What does HAM look like to the open systems end user. We need to break this question up into two parts – one part for USP-V internal storage and the other part for external storage.
It appears that for internal storage first you need data replication services such as asynch or synchronous replication between the two USP-V storage subsystems. But here you still need some shared External storage used as a quorum disk. Then once all this is set up under HAM the two subsystems can automatically failover access to the replicated internal and shared external storage from one USP-V to the other.
For external storage it appears that this storage must be shared between the two USP-V systems and whenever the primary one fails the secondary one can take over (failover) data storage responsibilities for the failing USP-V frontend.
What does this do for data migration? Apparently, using automated failover with HAM one can migrate date between two different storage pools and then failover server access from one to the other non-disruptively.
Obviously all the servers accessing storage under HAM control would need to be able to access both USP-Vs in order for this to all work properly.
Continuous availability is a hard nut to crack. HDS seems to have taken a shot at doing this from a purely storage subsystem perspective. This might be very useful for data centers running heterogeneous server environments. Typically server clustering software is OS specific like MSCS. Symantec being the lone exception with VCS which supports multiple OSs. Such server clustering can handle storage outages but also depend on storage replication services to make this work.
Unclear to me which is preferable but when you add the non-disruptive data migration – it seems that HAM might make sense.
It’s unclear to me what EMC would want with Data Domain (DD) other than to lockup deduplication technology across the enterprise. EMC has Avamar for Source dedupe, has DL for target dedupe, has Celerra Dedupe and the only one’s missing are V-Max, Symm & Clariion dedupe.
My guess is that EMC sees Data Domain’s market share as the primary target. It doesn’t take a lot of imagination to figure that once Data Domain is a part of EMC, EMC’s Disk Library (DL) offerings will move over to DD technology. Which probably leaves FalconStor/Quantum technology used in DL today as outsiders.
EMC’s $100M loan to Quantum last month probably was just insurance to keep a business partner afloat until something better came along or they could make it on their own. The DD deal would leave Quantum parntership supporting EMC with just Quantum’s tape offerings.
Quantum deduplication technology doesn’t have nearly the market share that DD has in the enterprise but they have won a number of OEM deals not the least of which is EMC and they were looking to expand. But if EMC buys DD, this OEM agreement will end soon.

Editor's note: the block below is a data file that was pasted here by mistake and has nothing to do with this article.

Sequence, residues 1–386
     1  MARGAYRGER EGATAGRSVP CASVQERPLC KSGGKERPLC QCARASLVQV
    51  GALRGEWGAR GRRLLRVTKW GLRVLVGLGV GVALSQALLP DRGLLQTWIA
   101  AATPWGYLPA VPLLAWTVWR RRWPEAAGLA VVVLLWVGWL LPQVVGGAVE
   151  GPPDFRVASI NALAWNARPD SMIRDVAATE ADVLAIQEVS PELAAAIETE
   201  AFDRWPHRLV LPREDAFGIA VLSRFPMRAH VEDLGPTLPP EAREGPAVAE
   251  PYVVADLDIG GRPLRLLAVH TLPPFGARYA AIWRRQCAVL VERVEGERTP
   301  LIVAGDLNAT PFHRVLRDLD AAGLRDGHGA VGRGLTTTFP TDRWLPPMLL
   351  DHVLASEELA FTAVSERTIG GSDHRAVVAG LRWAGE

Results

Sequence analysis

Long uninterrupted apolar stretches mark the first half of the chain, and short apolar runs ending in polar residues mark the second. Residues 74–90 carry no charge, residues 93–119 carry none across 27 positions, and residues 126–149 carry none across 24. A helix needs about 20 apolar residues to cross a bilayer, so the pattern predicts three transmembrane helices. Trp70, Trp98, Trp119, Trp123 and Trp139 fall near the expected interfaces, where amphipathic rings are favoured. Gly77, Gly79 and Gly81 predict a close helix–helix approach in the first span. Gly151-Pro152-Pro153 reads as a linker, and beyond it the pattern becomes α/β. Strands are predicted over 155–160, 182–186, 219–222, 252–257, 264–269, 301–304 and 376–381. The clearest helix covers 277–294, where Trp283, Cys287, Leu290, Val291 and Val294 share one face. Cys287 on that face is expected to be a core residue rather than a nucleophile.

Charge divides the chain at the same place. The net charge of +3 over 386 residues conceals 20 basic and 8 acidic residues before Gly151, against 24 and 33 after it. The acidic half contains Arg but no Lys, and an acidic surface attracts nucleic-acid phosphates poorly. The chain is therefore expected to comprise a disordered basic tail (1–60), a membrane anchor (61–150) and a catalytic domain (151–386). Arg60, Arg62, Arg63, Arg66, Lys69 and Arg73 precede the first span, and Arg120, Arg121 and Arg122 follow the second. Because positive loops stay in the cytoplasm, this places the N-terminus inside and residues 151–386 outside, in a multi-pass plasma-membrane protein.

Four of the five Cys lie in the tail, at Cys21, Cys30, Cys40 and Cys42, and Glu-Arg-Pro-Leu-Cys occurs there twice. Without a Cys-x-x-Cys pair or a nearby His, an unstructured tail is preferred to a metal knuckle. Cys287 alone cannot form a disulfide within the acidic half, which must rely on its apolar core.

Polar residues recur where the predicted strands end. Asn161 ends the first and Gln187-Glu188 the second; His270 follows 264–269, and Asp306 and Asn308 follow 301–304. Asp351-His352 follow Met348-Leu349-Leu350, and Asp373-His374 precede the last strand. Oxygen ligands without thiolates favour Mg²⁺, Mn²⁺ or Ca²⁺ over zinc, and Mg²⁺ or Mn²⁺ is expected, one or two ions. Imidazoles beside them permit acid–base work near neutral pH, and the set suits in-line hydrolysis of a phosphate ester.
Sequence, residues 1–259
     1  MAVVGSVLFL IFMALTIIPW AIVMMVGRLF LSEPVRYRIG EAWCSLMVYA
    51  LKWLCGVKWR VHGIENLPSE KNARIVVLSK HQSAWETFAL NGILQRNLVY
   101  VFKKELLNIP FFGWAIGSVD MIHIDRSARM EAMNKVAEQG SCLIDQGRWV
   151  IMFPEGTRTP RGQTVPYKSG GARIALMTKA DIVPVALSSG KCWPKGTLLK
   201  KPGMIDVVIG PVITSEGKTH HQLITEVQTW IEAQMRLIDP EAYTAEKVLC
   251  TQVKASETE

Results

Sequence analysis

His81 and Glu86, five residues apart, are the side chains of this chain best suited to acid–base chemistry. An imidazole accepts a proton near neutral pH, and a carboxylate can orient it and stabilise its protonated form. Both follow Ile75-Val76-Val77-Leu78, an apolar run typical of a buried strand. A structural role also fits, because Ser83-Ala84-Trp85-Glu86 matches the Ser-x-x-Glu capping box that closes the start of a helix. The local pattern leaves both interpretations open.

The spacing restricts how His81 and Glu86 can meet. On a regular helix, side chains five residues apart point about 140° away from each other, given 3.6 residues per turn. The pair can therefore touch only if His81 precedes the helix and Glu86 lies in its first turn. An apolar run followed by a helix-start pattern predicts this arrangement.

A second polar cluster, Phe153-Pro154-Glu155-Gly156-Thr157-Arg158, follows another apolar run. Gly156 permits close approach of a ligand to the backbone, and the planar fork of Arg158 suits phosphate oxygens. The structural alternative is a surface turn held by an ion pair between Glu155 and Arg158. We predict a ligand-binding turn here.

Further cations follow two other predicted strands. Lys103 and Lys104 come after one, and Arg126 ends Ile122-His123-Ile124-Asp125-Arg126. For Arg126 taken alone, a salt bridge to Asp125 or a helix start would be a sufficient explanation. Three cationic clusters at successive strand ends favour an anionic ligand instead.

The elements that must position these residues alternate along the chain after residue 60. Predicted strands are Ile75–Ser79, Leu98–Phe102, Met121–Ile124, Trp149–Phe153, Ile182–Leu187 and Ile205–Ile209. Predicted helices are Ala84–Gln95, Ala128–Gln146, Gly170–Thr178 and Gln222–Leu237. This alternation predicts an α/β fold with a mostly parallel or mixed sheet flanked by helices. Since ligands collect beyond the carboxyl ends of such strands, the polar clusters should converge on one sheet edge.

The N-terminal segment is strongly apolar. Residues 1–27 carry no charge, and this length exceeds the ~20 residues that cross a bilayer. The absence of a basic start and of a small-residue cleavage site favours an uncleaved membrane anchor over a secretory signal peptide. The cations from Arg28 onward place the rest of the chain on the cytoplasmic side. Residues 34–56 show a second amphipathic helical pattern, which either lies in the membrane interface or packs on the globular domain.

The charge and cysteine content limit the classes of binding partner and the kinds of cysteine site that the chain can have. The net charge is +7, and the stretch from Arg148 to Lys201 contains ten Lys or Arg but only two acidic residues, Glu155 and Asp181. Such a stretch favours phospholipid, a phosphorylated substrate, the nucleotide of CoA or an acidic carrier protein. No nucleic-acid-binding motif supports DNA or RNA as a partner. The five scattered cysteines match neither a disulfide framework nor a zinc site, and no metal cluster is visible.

I wonder if DD is worth $1.8B in cash what could Sepaton be worth. They seem to be the only pure play dedupe appliance left standing out there.
Not sure whether NetApp will up their bid but they always seem to enjoy competing with EMC. Also unclear how much of this bid is EMC wanting DD or EMC just wanting to hurt NetApp, either way DD stockholders win out in the end.
Data Domain has been a longtime partner of NetApp’s, which is probably one reason that NetApp finally decided to make them an offer. Another reason why it’s right to do this now is that in today’s economy, NetApp could get the best price.
The final reason that NetApp and Data Domain should hook up is that there are not many other major storage vendors that don’t already have a dedicated deduplication appliance or two. If Sun were still around it might make sense for them to think about buying Data Domain but they are out of the picture until Oracle figures out what to do with their storage business. EMC has bought Avamar and invested significantly in Quantum. IBM has purchased Diligent, Symantec has PureDisk. HP already has a deduplication product. The only major vendor without dedupe today is HDS.
Data Domain had a lot going for them. They practically defined the target deduplication appliance market. Diligent (now with IBM), Quantum, Sepaton, and others notwithstanding, Data Domain had the largest market share out there and was continuing to experience rapid growth. The fact that Data Domain both supported NAS as well as VTL access modes coupled with their excellent market share made them a prime acquisition on many fronts.
NetApp, of course, has their own deduplication technology which has been very successful in supporting virtual server environments primary storage and was also used to support secondary storage. No doubt over time these two technologies could conceivably merge into one. But don’t hold your breath, some companies have way more than two distinct deduplication technologies which are used for their various products and NetApp may not feel its worthwhile to combine the two technologies in the near future given there two different markets.
All in all, consolidation is necessary evil today.
At EMC World this past week, all the news was about VMware, Cisco and EMC and how they are hooking up to address the needs of the new data center user.
VMware introduced vSphere which was their latest release of their software which contained significant tweaks to improve storage performance.
Cisco was not announcing much at the show other than to say that they support vSphere with their Nexus 1000v software switch.
EMC discussed their latest V-Max hardware and PowerPath/VMware, an up and coming release of NaviSphere for VM and some other plugins that allows the VMware admin to see EMC storage views (EMC viewer).
On another note, it seems that EMC is selling out all their SSDs they can and they recently introduced their next generation SSD drive with 400GB of storage